Home Madrid Economy What do UK businesses think of Sunak’s Covid-19 emergency loan scheme? | Manufacturing sector

What do UK businesses think of Sunak’s Covid-19 emergency loan scheme? | Manufacturing sector

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Jhe chancellor revamped its first effort into a loan program for businesses to tide them over at the worst of the lockdown. Gone are the restrictions that forced small businesses to find collateral to secure loans, putting their homes at risk. Large businesses, discouraged by the requirement that they seek commercial loans first, found that the new program allowed them to approach lenders for a 12-month interest-free loan with an 80% government guarantee. Rishi Sunak believes that all businesses should be able to benefit from its renewed range of loan programsbut not everyone is so sure.

Package travel operator

Newmarket Holidays
Marc Vincent, chief financial officer of Newmarket Holidays, says the company sells 80,000 holidays a year and around a third are sold online. Now he is overwhelmed with customer requests. This means that he cannot lay off staff: everything is at the pump.

“If tour operators are allowed to go bankrupt, it will be like a run on a bank, with a long chain of suppliers also affected,” he said. “And then the government will have to bail out the customers anyway, so good to do it now.”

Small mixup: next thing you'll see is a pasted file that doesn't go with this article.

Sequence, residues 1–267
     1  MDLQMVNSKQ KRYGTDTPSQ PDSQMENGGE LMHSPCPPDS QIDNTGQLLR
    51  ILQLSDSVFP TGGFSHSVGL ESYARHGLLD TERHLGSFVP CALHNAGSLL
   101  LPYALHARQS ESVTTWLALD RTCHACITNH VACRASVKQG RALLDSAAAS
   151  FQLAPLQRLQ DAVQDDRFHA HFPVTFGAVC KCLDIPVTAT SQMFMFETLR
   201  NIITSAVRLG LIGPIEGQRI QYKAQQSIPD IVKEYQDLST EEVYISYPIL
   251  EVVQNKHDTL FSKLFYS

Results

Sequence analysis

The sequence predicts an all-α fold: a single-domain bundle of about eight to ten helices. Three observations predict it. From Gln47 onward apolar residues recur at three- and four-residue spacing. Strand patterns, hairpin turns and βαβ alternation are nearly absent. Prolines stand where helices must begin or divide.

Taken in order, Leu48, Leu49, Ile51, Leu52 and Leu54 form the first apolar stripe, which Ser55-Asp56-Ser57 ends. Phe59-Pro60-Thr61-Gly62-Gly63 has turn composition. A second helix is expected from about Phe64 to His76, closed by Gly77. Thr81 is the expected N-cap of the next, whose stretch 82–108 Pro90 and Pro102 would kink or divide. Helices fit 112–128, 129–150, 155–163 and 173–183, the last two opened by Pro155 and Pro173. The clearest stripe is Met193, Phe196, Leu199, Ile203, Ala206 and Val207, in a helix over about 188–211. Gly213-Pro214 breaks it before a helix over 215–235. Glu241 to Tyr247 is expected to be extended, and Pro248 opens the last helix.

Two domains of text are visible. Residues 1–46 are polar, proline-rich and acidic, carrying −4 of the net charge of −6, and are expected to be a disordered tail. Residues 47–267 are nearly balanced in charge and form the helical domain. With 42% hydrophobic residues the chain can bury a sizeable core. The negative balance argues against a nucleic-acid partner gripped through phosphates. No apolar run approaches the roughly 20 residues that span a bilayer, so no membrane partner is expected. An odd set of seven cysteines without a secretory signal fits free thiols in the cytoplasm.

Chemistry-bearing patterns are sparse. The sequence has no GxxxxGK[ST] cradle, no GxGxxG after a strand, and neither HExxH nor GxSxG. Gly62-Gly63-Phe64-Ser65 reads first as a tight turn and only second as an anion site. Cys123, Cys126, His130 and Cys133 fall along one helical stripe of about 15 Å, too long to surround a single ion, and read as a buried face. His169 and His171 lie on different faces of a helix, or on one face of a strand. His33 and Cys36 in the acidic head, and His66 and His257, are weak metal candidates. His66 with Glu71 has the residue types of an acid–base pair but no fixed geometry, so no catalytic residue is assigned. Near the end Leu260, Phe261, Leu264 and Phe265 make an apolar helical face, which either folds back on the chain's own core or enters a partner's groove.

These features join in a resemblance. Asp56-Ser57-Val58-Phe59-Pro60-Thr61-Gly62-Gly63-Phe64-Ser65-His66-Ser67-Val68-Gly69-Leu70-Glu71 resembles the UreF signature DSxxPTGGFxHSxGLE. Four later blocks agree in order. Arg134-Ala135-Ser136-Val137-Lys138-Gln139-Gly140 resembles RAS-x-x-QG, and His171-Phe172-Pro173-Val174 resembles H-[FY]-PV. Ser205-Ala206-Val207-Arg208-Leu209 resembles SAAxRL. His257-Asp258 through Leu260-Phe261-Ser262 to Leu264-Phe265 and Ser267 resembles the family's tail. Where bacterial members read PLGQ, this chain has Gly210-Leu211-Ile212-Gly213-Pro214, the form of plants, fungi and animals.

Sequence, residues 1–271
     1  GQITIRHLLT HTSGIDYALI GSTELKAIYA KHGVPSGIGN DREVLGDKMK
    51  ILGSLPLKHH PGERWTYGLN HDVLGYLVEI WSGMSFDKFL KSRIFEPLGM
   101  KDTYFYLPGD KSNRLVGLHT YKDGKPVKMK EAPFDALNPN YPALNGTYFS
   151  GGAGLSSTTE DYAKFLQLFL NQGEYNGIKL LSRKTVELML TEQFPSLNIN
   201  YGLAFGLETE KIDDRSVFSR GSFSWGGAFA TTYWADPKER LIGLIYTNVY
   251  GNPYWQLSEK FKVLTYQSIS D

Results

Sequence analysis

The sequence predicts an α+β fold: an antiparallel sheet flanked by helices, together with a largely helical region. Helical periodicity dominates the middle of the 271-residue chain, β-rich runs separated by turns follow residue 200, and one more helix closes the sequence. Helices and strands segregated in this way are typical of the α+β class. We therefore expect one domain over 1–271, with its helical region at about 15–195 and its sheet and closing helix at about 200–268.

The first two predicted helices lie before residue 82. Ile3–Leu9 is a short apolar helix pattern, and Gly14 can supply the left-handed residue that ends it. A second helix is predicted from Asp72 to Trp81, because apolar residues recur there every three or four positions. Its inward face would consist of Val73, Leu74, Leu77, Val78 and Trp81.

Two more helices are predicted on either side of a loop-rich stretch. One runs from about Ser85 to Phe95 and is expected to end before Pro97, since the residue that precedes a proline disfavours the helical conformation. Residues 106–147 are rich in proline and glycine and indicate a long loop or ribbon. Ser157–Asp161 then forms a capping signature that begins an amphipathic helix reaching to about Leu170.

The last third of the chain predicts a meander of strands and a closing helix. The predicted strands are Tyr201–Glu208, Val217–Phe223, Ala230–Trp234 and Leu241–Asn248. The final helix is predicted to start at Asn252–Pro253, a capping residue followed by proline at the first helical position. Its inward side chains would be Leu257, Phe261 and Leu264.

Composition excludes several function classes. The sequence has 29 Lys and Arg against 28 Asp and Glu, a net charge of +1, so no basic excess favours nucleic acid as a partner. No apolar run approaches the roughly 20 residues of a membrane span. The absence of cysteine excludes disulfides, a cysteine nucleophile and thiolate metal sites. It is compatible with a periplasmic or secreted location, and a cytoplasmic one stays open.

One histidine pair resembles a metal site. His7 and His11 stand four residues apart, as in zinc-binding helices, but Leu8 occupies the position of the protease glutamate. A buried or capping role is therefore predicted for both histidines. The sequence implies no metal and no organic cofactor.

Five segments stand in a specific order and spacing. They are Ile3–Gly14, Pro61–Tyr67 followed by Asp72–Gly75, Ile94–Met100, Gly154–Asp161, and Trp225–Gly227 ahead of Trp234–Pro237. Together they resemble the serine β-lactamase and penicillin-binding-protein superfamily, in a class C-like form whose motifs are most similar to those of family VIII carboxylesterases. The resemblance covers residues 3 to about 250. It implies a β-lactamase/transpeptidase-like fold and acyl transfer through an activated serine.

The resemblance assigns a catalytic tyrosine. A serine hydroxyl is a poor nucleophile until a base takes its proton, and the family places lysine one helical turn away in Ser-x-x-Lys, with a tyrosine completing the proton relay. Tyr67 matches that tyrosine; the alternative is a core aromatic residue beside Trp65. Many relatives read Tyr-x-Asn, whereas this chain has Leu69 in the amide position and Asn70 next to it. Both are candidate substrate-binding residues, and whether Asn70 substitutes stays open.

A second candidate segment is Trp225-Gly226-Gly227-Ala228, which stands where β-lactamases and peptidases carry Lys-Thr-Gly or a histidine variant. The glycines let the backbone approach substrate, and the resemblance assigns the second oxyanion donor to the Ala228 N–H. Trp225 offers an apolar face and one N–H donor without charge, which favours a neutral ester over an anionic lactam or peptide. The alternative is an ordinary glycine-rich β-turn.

With no money coming in and unable to take advantage of the furlough scheme – which allows companies to send workers home while the government covers 80% of their wages up to £25,000, capped at £2,500 a month – the company suffers. Of 148 employees, only 52 were laid off.

To qualify for a VAT holiday until the summer, staff have spent the past week digging into payments, although they say the savings are limited.

Regulations that give customers the right to demand their money back on package holidays within 14 days of cancellation should be changed, he says. Instead, travel companies should be allowed to offer credit notes that can be refunded after two years if not spent. “Other EU countries are doing it and we should be doing the same.”

Maker

Princess Yachts
Princess employs 3,000 people in Plymouth. Last year it posted an operating profit of £30m for 2018 on revenue of £340m. Today, his £600m order book is effectively frozen. The factory where some of the most spectacular yachts in the world are built is closed and 70% of the staff are at home.

Chairman and CEO Antony Sheriff was disappointed with Sunak’s first push for a loan program for midsize companies like his when he insisted they access commercial loans – a costly and cumbersome procedure. The reforms mean the company will now look at them favourably. “I think he did a good job,” the sheriff said.

The 55-year-old business has cash in the bank and could withstand several months of lockdown, he says, but he worries about the costs of restarting in the summer or fall, which could mean spending on materials would be prohibitive. Dear.